"Q. And what did Mr. Bolton have to say? A. He said he had gotten some guns or something like that. I don't know now just exactly what he said, and I don't want to say anything to hurt the boy because I can't remember exactly what he did say, his exact words, but Marvin did take him to town. Q. So Mr. Bolton came in and announced that he had gotten some guns? A. No, he didn't announce it. He was talking to Marvin. Q. He was talking to Marvin? A. He was talking low enough that I just didn't catch what he was saying, because I didn't figure it was any of my business. Q. You didn't hear all the conversation? A. No, I didn't. Q. But he did say he got some guns? A. Yes, sir. Q. You did hear that? A. Yes. Q. But there was other conversation there? A. Well, not that much. Marvin left and took him to town. Q. Mr. Bolton was speaking directly to Mr. Bush and you overheard part of that conversation? A. Yes, sir. It's hard to hear when you have children and the television going. Q. Do you know how Mr. Bolton got to your house? A. No, sir, I sure don't. Q. Did you notice whether or not he was traveling in an automobile? A. No, sir, I don't know how he got there. The way the road is made if you come to the house you have almost got to go down to the two little houses below or either come right around the driveway. I didn't see any cars. Q. You did not see any cars? A. No. Q. Did you see any guns? A. No. Q. Did you hear Mr. Bolton make any reference to where these guns were? A. No, sir, I sure didn't. Marvin brought him to town, but he didn't stay gone but just a few minutes."

She testified that Bush came back alone, that they watched TV until an hour or so before dark and then drove to town, where Bush parked his car in a little driveway between the Burley Cafe and a car lot; that she remained in the car but Bush walked around to the back of Burley's Cafe where Shadrack Dean's car was stopped with its trunk open, at the rear door of the Cafe. She identified Dean, Billy Walker and Bolton as having been present with Bush at the open trunk of Dean's car, but disclaimed any knowledge of what they were doing or of seeing any guns or any money change hands. She said that Bush returned to the car after a very few minutes; they rode around awhile, ate a sandwich *394 and returned to the Edwards house. She said that her sister and brother-in-law had moved away and she did not know where they were.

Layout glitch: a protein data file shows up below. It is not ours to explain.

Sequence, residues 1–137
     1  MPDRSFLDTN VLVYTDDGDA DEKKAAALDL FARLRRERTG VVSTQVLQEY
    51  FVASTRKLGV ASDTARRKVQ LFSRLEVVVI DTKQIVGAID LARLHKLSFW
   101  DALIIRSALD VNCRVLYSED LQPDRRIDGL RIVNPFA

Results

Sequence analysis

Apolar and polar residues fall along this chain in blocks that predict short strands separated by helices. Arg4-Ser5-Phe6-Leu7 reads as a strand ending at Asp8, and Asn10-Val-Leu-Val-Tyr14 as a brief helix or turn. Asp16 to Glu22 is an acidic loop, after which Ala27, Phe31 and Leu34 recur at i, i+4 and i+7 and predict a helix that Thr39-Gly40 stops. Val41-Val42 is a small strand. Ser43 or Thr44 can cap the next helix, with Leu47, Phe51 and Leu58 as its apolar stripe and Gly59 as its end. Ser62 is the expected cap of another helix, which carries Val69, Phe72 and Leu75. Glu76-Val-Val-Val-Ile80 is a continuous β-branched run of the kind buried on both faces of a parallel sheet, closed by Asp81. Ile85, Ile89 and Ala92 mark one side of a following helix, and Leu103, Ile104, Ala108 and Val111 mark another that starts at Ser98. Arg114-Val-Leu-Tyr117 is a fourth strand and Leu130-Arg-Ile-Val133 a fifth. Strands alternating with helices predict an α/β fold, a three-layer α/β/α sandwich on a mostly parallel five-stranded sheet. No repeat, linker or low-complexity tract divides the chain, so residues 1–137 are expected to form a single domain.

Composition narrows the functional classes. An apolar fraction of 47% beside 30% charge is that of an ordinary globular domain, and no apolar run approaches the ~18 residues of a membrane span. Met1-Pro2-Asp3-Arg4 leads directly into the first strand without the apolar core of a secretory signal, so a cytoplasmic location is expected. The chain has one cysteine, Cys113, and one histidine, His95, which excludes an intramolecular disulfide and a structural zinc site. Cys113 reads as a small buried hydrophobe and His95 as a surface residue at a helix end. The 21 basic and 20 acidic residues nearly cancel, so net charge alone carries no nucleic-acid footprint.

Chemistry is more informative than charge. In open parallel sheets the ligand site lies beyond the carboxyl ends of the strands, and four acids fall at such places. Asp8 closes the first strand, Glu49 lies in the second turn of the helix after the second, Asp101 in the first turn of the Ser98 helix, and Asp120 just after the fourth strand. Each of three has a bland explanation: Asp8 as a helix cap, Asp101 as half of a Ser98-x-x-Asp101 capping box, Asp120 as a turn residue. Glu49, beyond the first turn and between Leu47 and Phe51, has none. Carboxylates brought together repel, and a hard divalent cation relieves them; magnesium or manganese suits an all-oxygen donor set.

Billy Walker, a retired service man and the owner of Burley Cafe, testified that after receiving a telephone call from Dean, Bush and Dean brought four (4) guns to the back door of the Burley Cafe in the trunk of a vehicle. Walker bought them for seventy-five ($75) dollars cash and gave the money to Dean. A third man was with them who was about the size of Bolton but he could not say that Bolton was or was not that person. He did not see them divide the money, but they came inside the Cafe, had one or two beers and left. He put the guns in a trash bag and later turned them over to the police.

Following the State's proof, Bolton testified in his own behalf. His entire relevant testimony consisted of denying that he was present at the Edwards house or the Burley Cafe on January 23, 1974. He was not cross-examined by the State or by counsel for either of the other two defendants. He did not deny that he stole the guns, nor did he deny receiving any money for the sale of the guns.

Shadrack Dean testified that Bush and Bolton came to his house and asked if he knew where they could sell some guns; that Bush's mother's house was located three or four houses down the street and that he went there and inspected the four (4) guns in Bush's car. He then called Billy Walker, put the guns in the trunk of his car and drove to the Burley Cafe, accompanied by Bush and Bolton, and sold the guns to Billy Walker for seventy-five ($75) dollars. He kept fifteen ($15) dollars and gave Bush and Bolton thirty ($30) dollars each. He testified that all of these events occurred around 2:00 p.m. or 2:30 p.m. He said that Bush's car remained at his mother's house while they went to the Cafe to sell the guns. He was asked if he had heard Ruthie Trogdon testify about coming to town with Bush in his car and sitting in the driveway at the time of the transaction with Billy Walker. His response was, "She told a lie." He admitted that he, Bush and Bolton were good friends and had run around together but denied being with them before they came to his house about 2:00 or 2:30 p.m. on January 23. He said that his involvement with them on the day of the robbery covered a period of approximately thirty (30) minutes; that Bolton was "pretty well strung out" and did not converse with anybody.